We would like to thank Yakov Amihud, Christos Cabolis, Ettore Croci, John Doukas, Mara Faccio, Jayant Kale, Aneel Keswani, Meziane Lasfer, Spencer Martin, Krishna Paudyal, Ramesh Rao, and Frederik Schlingemann, as well as seminar participants at the ALBA Graduate Business School, Cass Business School, Sabanci University, and participants at the European Finance Association (EFA) Conference (2008), the European Financial Management Association (EFMA) Conference (2008), the Southwestern Finance Association (SWFA) Conference (2009), the Southern Finance Association (SFA) Conference (2009) and the Midwest Finance Association (MFA) Conference (2010) for useful comments and suggestions. We are also grateful for the insightful comments received from Bill Christie (editor) and two anonymous referees. Travlos acknowledges financial support received from the Kitty Kyriacopoulos Chair in Finance. All errors are our own.
Gains from Mergers and Acquisitions Around the World: New Evidence
Version of Record online: 6 DEC 2010
© 2010 Financial Management Association International
Volume 39, Issue 4, pages 1671–1695, Winter 2010
How to Cite
Alexandridis, G., Petmezas, D. and Travlos, N.G. (2010), Gains from Mergers and Acquisitions Around the World: New Evidence. Financial Management, 39: 1671–1695. doi: 10.1111/j.1755-053X.2010.01126.x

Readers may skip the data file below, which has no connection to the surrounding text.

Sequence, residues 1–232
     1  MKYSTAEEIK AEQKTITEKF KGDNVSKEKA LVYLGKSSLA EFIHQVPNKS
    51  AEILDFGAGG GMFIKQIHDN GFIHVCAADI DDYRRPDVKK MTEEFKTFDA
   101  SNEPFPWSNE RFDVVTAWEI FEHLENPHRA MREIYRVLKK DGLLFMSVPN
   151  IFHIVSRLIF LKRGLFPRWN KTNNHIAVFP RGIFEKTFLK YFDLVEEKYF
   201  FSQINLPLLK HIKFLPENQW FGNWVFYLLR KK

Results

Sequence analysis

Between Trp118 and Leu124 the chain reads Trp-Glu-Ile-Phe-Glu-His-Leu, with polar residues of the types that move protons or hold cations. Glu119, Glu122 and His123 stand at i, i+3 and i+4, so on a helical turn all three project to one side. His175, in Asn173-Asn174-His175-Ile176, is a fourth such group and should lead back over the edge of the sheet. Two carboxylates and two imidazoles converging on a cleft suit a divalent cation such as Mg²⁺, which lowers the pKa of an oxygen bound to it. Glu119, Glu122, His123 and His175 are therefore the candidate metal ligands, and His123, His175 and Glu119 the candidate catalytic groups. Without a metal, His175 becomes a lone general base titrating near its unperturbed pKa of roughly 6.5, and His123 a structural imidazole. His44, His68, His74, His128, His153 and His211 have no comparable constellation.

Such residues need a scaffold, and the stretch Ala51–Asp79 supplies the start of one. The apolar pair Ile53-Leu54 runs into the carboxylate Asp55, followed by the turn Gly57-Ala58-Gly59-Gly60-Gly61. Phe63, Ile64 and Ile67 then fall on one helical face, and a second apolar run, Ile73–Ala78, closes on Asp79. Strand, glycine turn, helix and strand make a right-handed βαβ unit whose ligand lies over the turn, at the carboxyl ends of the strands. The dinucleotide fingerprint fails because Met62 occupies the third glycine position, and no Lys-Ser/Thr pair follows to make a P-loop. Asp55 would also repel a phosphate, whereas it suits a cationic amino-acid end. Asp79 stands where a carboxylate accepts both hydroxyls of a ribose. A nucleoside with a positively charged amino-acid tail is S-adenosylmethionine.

- Issue online: 6 DEC 2010
- Version of Record online: 6 DEC 2010
Using a global M&A data set, this paper provides evidence that the empirical observations relating public acquisitions to, at best, zero abnormal returns, and their stock-financed subset to negative abnormal returns for acquiring firms around the deal announcement are not unanimous across countries. Acquirers beyond the most competitive takeover markets (the United States, United Kingdom, and Canada) pay lower premia and realize gains, while share-for-share offers are at least non-value-destroying for their shareholders. In contrast, target shareholders within these markets gain significantly less, implying that the benefits generated are more evenly split between the involved parties.